Tax Court In Brief | Genecure, LLC v. Commissioner | Capital Expenses, QTDP Recapture Tax, Fraud-Related Penalty Requirements

Published date30 May 2022
Subject MatterTax, Income Tax, Tax Authorities, Property Taxes
Law FirmFreeman Law
AuthorFreeman Law

The Tax Court in Brief - May 23rd - May 27th, 2022

Freeman Law's "The Tax Court in Brief" covers every substantive Tax Court opinion, providing a weekly brief of its decisions in clear, concise prose.

For a link to our podcast covering the Tax Court in Brief, download here or check out other episodes of The Freeman Law Project.

Tax Litigation: The Week of May 23rd, 2022, through May 27th, 2022

Genecure, LLC v. Comm'r, T.C. Memo 2022-52 | May 23, 2022 | Jones, J. | Dkt. No. 14916-15.


  • Albrecht v. Comm'r, T.C. Memo 2022-53 | May 25, 2022 | Greaves, J. | Dkt. No. 13314-20.

Short Summary: This is a TEFRA partnership-level case. Genecure is a biotech firm and is organized as a member-managed LLC. It is treated as a partnership for federal income tax purposes. See Treas. Reg. ' 301.7701-3(b)(1). Frank Tung was Genecure's tax matters partner. The opinion addresses a number of splintered issues that arose from Genecure's business transactions in tax years 2009-2012, including taxation of settlement proceeds received in contract dispute, deductibility of item-by-item categories of business expenses, recapture tax for an Affordable Care Act-Qualified Therapeutic Discovery Project (QTDP) grant received by Genecure, characterization of amounts received from an LLC owned by Frank Tung's wife (i.e., is it a loan, or not a loan), and possible capital contributions from the LLC owned by Frank Tung's wife. The IRS examined Genecure's tax returns for years 2009 through 2012. The examining agent prepared a Form 11661, Fraud Development Recommendation-Examination, and Frank Tung was given summary report transmittal Letter 1807 to attend a closing conference, which conference never occurred. Ultimately, the IRS issued Frank Tung, in his capacity as tax matters partner, a separate Notices of Final Partnership Administrative Adjustment (FPAA) for each of the years in issue, as well as a section 6663 civil fraud penalty for underpayment of tax for each year. In the Tax Court proceeding, Frank Tung sought to admit emails, letters, and other documentation from Genecure's day-to-day business, most of which the Tax Court refused to admit or consider.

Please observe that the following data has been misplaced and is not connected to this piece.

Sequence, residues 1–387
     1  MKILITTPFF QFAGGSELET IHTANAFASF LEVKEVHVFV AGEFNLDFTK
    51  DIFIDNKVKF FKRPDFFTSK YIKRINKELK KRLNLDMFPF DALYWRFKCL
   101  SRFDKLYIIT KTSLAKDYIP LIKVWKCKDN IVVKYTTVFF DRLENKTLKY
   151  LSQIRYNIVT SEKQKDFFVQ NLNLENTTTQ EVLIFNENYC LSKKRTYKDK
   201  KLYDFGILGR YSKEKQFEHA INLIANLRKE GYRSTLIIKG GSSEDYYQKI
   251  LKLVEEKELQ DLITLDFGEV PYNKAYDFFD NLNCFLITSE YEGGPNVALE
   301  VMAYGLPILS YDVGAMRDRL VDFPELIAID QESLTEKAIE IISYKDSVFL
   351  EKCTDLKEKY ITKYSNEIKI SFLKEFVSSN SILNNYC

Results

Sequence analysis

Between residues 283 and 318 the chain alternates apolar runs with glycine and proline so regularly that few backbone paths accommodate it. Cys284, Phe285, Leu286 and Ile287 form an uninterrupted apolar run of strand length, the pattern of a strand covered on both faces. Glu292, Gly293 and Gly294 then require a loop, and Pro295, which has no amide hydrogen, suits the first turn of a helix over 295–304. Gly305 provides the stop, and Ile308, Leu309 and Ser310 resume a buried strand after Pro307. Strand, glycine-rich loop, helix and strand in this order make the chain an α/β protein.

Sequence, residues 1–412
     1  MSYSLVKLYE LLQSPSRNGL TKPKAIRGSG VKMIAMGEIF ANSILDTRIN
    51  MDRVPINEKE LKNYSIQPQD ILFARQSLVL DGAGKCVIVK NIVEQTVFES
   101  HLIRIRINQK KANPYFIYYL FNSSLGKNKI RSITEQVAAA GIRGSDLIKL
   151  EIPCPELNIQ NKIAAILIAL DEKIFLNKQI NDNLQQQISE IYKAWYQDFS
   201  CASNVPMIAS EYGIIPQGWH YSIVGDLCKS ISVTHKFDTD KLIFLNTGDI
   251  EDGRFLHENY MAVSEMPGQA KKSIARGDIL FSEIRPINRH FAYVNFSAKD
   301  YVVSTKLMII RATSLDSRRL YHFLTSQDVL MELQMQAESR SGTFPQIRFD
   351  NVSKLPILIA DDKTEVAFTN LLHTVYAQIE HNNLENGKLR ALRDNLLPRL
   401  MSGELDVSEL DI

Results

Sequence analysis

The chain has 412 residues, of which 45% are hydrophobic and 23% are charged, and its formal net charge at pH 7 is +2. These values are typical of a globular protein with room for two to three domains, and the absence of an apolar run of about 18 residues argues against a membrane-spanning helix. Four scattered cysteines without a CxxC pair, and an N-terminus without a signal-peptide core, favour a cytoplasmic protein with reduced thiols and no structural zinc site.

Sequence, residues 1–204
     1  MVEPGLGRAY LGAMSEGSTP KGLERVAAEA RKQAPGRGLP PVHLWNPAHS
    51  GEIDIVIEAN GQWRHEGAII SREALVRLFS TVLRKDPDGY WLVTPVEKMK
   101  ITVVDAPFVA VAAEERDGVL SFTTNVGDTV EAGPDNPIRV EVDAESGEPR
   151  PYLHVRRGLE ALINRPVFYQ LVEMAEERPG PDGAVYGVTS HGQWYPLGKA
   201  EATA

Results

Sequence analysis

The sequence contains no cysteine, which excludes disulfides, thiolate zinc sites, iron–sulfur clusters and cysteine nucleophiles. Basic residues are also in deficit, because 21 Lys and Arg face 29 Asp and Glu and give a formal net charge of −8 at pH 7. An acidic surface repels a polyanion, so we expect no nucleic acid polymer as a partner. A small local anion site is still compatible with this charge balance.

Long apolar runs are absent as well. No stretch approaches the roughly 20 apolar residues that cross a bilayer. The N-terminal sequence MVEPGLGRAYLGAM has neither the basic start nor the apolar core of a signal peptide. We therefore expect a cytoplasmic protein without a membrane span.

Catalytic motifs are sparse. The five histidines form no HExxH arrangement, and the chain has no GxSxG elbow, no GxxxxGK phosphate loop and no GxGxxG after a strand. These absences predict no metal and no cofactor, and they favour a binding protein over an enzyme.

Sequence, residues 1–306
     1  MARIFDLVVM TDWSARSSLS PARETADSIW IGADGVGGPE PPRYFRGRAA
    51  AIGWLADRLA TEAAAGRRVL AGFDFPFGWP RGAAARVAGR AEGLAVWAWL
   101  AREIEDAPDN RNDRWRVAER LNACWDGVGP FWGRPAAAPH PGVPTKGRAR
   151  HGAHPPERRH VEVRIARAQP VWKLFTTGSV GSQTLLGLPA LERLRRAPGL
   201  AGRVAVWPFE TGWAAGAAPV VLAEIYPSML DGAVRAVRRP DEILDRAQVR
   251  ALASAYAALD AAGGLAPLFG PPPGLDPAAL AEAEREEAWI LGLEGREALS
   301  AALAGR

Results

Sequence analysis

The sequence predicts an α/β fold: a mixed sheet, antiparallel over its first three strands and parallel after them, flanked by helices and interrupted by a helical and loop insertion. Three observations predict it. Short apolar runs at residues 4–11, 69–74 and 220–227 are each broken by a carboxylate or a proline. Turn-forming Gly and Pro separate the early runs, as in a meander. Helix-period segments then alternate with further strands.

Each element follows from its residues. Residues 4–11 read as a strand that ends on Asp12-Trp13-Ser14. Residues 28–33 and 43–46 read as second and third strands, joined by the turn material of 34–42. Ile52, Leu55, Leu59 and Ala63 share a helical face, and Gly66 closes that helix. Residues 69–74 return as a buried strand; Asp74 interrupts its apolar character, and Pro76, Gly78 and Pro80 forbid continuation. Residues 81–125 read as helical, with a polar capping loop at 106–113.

Key Issues:

  • Whether Genecure carried its burden of proof to overcome the presumption of correctness of the IRS's determinations? Whether the IRS complied with the initial determination requirements to assess fraud-related penalties against Genecure?

Primary Holdings:

  • The Tax Court found primarily in favor of the IRS on all tax issues. Frank Tung's testimony was self-serving, evasive conflicted, and improbable with respect to his position on the issues. His purported evidence was not in admissible form, and he provided no exceptions to applicable exclusionary rules. Settlement proceeds received constituted gross income that was taxable, and most of the itemized business expenses were not deductible due to lack of substantiation or business purpose. Genecure was...

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